John Sonderman and Todd Stumpf with DNA Genetics also contributed to this column.
We have all heard the saying: “Technology is great … when it works.” While that is certainly true about a lot of things, post-cervical artificial insemination is a technology that consistently works, according to gathered data. Although PCAI has been successful in numerous systems, a recent study conducted by Purdue University uncovered only 42% of the farms they surveyed are using PCAI. So why aren’t more producers using this precise insemination process? This column will compare the side-by-side data of PCAI farms versus conventional artificial insemination farms. Hopefully this data will lead more producers to the same conclusion: PCAI offers many important advantages.
DNA Genetics enlisted the services of Swine Management Services LLC to evaluate the data of more than 100,000 sows and compare the differences between PCAI and conventional AI. Using PCAI, we compared 21 farms, totaling 78,000 sows, with an average of 3,714 sows per farm. Using conventional AI, we compared 29 farms, totaling 36,300 sows, with an average of 1,256 sows per farm. All farms were at 28-plus pigs weaned per mated female per year. The data was from a 52-week period ending Oct. 1, 2016.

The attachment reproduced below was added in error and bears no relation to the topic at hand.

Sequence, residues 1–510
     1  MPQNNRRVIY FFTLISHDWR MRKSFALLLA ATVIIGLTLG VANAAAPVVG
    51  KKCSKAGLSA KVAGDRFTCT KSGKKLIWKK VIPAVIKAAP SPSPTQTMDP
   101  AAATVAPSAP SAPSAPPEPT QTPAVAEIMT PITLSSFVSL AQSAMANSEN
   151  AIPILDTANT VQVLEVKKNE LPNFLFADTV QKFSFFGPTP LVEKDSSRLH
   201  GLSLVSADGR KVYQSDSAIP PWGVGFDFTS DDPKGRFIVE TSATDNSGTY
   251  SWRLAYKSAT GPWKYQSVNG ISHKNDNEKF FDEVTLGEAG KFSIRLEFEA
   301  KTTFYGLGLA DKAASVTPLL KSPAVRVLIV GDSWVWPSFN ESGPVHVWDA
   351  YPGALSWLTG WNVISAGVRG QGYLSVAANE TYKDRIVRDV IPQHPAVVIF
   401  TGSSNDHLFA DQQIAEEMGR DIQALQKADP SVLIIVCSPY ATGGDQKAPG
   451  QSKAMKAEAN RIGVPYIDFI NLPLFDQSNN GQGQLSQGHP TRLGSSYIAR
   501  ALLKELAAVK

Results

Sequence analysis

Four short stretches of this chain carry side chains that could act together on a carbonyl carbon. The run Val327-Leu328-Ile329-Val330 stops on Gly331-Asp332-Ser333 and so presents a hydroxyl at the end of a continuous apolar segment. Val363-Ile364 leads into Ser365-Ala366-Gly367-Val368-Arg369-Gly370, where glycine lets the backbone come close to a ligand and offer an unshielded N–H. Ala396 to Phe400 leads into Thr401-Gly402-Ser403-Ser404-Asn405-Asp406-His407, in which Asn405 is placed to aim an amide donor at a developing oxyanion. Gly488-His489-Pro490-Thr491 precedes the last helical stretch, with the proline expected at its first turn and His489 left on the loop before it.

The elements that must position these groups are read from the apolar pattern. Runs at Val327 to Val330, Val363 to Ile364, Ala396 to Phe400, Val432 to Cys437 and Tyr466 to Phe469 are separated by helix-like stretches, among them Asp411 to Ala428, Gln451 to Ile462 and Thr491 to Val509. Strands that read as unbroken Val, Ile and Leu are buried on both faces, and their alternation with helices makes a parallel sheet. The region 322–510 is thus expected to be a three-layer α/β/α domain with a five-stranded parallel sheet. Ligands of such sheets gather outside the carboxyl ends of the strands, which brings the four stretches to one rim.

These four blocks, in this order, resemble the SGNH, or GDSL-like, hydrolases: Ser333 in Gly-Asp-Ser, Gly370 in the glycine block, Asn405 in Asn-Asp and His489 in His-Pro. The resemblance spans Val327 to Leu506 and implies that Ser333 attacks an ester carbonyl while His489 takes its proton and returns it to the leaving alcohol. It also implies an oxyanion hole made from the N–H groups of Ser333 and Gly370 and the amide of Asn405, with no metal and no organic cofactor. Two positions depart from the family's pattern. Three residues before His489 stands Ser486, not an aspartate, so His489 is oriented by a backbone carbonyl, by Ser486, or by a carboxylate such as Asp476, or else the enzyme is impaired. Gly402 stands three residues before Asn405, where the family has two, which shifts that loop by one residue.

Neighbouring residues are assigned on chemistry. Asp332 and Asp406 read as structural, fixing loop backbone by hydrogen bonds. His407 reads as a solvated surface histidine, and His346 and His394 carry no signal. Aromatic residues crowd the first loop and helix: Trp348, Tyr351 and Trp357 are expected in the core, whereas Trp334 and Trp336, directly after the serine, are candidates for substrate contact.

It is important to note, not all PCAI techniques and equipment are the same. The farms on PCAI in this column were all trained by DNA Genetics and use the same equipment. DNA Genetics currently has over 500,000 sows utilizing their specific PCAI technique through on-farm trainings over the past eight years.
Table 1 farm comparison shows the results of the evaluation. A difference of 0.31 pigs weaned per mated female with the PCAI farms having a slight edge. Farrowing rate was essentially the same for both systems with a difference of less than 1%.
Conventional AI had the advantage for total born at 15.92 compared to PCAI at 15.58 a difference of 0.34 pigs per litter. Table 1 shows the range for PCAI of 14.85-17.15 and conventional AI range of 14.57-17.41 pigs. This difference can be partly accounted for by the difference in parities between the two systems. Conventional AI farms averaged 2.58 parities while the PCAI farms averaged 2.29 parities.
However, piglet survival rates were better in the PCAI farms at 80.3%, compared to 79.2% in the conventional farms; partly accounting for the difference in pigs weaned per mated female per year. Remember that piglet survival is controlled through day-to-day farrowing house management.